RICHMOND, Va. -- A local World War II soldier's remains have been accounted for nearly 80 years after he was killed in combat.
The Defense POW/MIA Accounting Agency (DPAA) said 19-year-old Army Staff Sgt. Raymond Carlyle Blanton was from Richmond.
In October of 1944, Blanton's unit (Company C, 1st Battalion, 60th Infantry Regiment, 9th Infantry Division) faced off with German forces near Germeter, Germany in the Hürtgen Forest.
Officials said he was killed in action on Oct. 14 of that year. Blanton's remains could not be recovered at the time because of the on-going fighting.
After the war ended, the American Graves Registration Command was tasked with investigating and recovering missing American personnel in Europe. Several efforts to locate Blanton's remains between 1946 to 1950 were unsuccessful.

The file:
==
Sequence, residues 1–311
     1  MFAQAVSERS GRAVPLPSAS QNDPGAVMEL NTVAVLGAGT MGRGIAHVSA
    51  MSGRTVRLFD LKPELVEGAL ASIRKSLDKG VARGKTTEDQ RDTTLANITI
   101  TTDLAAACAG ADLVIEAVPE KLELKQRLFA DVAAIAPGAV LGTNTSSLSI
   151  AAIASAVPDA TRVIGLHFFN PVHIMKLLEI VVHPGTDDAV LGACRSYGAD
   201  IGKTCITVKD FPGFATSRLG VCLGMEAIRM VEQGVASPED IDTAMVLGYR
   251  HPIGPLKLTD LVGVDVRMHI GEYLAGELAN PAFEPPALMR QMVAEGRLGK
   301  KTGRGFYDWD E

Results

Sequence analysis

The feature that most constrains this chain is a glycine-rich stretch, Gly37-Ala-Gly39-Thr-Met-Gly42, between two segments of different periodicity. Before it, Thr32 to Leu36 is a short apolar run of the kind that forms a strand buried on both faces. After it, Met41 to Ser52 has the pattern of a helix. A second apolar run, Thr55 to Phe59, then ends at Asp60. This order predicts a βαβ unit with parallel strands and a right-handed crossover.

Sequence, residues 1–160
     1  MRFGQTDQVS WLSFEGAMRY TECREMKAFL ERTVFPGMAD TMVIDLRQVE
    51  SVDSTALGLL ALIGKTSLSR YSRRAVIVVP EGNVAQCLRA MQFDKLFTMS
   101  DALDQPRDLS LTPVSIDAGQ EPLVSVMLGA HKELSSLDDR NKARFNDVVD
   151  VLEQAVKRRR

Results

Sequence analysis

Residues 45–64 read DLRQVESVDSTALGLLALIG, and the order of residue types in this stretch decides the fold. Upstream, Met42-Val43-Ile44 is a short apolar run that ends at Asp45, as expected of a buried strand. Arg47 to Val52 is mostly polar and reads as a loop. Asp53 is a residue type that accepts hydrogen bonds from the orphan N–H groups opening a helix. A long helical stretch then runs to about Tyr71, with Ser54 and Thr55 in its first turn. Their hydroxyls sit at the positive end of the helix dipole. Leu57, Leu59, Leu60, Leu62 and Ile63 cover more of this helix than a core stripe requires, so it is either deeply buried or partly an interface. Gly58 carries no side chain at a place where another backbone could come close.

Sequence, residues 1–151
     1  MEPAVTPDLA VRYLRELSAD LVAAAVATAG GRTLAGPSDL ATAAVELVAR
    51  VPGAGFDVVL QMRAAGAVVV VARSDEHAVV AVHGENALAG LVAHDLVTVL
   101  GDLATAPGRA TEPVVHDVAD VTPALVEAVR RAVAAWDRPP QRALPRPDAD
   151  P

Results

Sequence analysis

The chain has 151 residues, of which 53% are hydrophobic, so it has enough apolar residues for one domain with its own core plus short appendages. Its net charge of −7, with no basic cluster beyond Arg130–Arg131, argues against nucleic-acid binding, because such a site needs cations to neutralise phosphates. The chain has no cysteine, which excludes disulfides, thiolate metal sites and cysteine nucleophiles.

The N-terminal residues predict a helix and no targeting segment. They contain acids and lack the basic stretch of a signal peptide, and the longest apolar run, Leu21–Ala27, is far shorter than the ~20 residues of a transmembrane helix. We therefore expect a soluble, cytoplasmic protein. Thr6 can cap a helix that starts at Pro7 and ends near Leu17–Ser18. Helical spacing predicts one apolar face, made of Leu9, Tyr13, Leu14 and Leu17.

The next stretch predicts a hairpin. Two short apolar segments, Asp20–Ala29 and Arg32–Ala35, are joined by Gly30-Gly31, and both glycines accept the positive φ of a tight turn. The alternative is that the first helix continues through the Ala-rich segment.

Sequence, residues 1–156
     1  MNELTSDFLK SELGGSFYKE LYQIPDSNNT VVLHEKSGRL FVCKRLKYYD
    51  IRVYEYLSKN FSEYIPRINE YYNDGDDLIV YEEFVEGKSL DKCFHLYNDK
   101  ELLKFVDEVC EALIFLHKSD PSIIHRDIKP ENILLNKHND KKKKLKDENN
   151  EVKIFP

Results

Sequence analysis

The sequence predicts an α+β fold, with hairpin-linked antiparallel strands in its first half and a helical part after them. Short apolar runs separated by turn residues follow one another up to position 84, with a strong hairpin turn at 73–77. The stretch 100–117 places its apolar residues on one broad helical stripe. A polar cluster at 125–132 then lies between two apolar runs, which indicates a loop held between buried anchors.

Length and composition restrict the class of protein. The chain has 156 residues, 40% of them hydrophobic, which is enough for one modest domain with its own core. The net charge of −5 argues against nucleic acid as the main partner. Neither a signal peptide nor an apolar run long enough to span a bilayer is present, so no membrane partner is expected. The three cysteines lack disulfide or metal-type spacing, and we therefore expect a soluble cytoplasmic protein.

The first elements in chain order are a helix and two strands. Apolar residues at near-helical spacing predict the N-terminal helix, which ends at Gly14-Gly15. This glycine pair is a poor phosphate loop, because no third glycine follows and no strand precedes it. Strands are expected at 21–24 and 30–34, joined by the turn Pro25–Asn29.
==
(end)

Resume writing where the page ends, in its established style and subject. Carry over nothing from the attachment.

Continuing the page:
The DPAA said he was declared non-recoverable in 1951.
While studying unresolved American losses in the Hürtgen area, a DPAA historian determined that one of two sets of unidentified remains, designated X-4491 Neuville and X-4492 Neuville, possibly belonged to Blanton.
The remains, which had been buried in Ardennes American Cemetery in 1950, were disinterred in September of 2017 and sent to the DPAA laboratory at Offutt Air Force Base, Nebraska, to be identified.
Dental records, mitochondrial DNA and circumstantial evidence confirmed the identification.
After finally making it home, Blanton will be buried in Richmond on July 1, according to DPPA.
His name is recorded on the Walls of the Missing at Netherlands American Cemetery, an American Battle Monuments Commission site in zthe Netherlands, along with the others still missing from World War II.
A rosette will be placed next to his name to indicate he has been accounted for.